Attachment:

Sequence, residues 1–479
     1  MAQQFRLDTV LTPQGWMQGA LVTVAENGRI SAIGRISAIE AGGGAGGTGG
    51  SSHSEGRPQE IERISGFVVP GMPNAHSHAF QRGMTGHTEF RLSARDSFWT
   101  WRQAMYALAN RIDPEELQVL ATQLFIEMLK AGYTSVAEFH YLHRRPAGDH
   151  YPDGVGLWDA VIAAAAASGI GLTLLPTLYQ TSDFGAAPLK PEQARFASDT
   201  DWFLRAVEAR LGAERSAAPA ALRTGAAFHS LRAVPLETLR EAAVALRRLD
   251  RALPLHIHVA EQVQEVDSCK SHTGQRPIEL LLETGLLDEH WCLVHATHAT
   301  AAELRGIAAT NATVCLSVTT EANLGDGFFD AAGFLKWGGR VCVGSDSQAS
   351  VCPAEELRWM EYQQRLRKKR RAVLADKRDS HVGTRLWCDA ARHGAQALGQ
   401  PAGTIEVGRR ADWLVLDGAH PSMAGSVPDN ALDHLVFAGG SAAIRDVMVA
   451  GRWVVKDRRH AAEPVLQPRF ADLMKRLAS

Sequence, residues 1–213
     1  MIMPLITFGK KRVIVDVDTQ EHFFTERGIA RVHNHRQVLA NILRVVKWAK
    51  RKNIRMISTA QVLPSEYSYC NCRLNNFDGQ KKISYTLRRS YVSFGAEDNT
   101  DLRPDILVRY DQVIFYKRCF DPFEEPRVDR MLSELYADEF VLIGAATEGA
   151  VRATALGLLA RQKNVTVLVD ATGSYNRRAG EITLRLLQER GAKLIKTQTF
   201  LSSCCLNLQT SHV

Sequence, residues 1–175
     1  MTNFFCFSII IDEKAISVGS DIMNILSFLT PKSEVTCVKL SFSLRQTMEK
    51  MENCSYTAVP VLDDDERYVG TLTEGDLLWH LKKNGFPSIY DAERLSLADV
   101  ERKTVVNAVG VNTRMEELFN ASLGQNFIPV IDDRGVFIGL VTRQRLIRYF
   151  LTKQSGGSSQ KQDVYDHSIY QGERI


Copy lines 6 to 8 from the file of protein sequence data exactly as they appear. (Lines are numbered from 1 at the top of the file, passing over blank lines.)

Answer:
   201  DWFLRAVEAR LGAERSAAPA ALRTGAAFHS LRAVPLETLR EAAVALRRLD
   251  RALPLHIHVA EQVQEVDSCK SHTGQRPIEL LLETGLLDEH WCLVHATHAT
   301  AAELRGIAAT NATVCLSVTT EANLGDGFFD AAGFLKWGGR VCVGSDSQAS